How to Raise a Child With a Type A Personality

Kids who have Type A personalities are usually the ones you'll find reorganizing a bookshelf rather than dumping out a bin of toys. Usually characterized as those who prefer order, logic and competition, you might have a challenge on your hands if you're not as intense. If your little one drives you insane with his constant need for structure, keep in mind that nurturing a Type A personality typically works better than trying to suppress the behavior. Respect the personality and you'll be rewarded with a driven, happy and yes, super-organized child.

  1. Offer your child plenty of structure throughout the day. Type A personalities prefer to know what is happening and when it's happening, so a poster board with the day's schedule might be comforting to your intense little guy. Give your child a rundown of the day, if possible. For instance, "First, we'll have breakfast and then, playtime. Next, we have to go to the post office and come home for a nap." Knowing what's on the docket can help your child feel more comfortable.

  1. Give your child choices and eliminate your reactions to those choices. Type A kids want to be the best at everything, so it's devastating when an adult acts disappointed in a decision. Whether you're letting him choose what he wants for lunch or he's picking a play date, make sure the decision is his and that you support his choice.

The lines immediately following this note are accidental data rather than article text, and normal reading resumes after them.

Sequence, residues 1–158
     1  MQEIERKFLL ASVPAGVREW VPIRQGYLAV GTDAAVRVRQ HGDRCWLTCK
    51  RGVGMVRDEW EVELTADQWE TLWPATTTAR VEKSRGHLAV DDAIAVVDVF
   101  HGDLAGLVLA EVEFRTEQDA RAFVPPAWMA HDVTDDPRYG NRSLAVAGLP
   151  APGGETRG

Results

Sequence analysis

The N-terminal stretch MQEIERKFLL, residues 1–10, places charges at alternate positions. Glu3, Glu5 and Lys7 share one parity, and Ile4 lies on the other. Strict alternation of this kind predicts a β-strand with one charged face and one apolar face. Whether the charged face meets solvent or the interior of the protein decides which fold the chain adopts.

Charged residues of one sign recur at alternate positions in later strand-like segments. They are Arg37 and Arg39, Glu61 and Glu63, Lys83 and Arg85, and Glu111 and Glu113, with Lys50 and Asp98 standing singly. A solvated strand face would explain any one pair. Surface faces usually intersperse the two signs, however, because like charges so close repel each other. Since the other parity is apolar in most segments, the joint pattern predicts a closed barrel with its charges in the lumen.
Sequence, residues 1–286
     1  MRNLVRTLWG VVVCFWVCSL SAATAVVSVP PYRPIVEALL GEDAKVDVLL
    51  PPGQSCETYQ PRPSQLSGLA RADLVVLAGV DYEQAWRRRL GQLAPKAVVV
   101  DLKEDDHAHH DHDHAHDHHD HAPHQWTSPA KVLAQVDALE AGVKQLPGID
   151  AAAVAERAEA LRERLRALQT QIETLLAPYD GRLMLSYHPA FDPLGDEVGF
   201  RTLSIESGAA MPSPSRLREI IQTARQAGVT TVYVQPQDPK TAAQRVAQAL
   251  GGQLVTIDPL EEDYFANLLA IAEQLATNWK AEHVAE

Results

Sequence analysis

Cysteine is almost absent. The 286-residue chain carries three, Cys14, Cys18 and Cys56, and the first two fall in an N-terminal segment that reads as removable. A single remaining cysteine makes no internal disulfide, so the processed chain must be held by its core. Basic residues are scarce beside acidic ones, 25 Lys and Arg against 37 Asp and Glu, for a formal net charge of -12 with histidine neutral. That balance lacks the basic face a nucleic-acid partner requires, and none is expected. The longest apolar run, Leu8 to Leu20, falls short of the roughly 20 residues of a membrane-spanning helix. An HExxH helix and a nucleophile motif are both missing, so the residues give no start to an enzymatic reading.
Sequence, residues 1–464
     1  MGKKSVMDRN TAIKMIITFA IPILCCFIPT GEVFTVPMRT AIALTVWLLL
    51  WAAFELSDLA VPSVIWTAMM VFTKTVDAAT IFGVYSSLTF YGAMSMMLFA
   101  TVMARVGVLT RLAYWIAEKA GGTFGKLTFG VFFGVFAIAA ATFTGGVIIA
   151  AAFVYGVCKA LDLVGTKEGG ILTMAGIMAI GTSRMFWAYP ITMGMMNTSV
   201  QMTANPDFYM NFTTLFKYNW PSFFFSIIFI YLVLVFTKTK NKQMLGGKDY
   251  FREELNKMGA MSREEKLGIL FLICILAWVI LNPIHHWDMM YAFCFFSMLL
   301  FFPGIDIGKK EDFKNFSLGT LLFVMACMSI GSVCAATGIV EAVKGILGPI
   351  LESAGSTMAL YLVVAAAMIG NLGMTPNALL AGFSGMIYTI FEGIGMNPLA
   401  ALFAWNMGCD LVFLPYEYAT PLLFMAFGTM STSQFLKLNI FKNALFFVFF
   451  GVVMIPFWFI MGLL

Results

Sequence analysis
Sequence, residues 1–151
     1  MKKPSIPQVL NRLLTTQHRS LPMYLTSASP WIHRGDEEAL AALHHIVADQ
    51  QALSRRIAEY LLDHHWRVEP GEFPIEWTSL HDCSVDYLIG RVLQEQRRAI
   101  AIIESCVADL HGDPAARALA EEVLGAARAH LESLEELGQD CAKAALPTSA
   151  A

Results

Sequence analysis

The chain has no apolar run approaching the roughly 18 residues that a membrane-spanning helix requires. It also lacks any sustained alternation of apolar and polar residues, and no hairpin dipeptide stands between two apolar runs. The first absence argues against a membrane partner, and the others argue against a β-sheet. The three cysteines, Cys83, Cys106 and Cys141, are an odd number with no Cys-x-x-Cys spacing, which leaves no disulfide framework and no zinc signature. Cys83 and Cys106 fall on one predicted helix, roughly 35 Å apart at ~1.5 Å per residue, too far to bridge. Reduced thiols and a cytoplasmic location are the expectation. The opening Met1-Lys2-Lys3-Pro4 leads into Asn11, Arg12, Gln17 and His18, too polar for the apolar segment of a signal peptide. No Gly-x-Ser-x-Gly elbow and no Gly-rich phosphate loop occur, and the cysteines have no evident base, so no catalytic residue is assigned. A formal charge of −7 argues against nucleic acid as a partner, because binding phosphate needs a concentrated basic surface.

1. Arrange for comfortable play dates with other kids. Type A personalities aren't always social butterflies, which means going to someone's house could be out of the question. Instead, a play date where you are present can help your child come out of his shell and flex his social skills without feeling intimidated or shy.

  1. Plan for your child to have a competitive outlet. In short, Type As want to win, which can create issues with more sensitive children. Instead of letting your little one get competitive on the playground, look for sports, clubs and groups that can let him compete without hurting the feelings of other children. Choose this time to discuss when it's OK to be competitive and when it's better to just play nice.

  1. Play with toys together and select toys that make sense to a Type A personality. For instance, a stuffed animal might be neglected because your child doesn't embrace imaginative play. Instead, structured toys like puzzles, blocks and board games work well because they have rules. Of course, when playing with structured toys, you can always push your child's imagination by making up new games or telling stories about the king that lives in the castle you've just built together.

  1. Respect your child's unique nature. While you might want your little one to be more social and imaginative, his Type A personality is just as valuable. If he seems uncomfortable with certain situations, games or schedules, work around his comfort level and introduce other things in slowly. Pushing him into a playgroup might not work, but playing with friends at your house might ease him into a better social situation.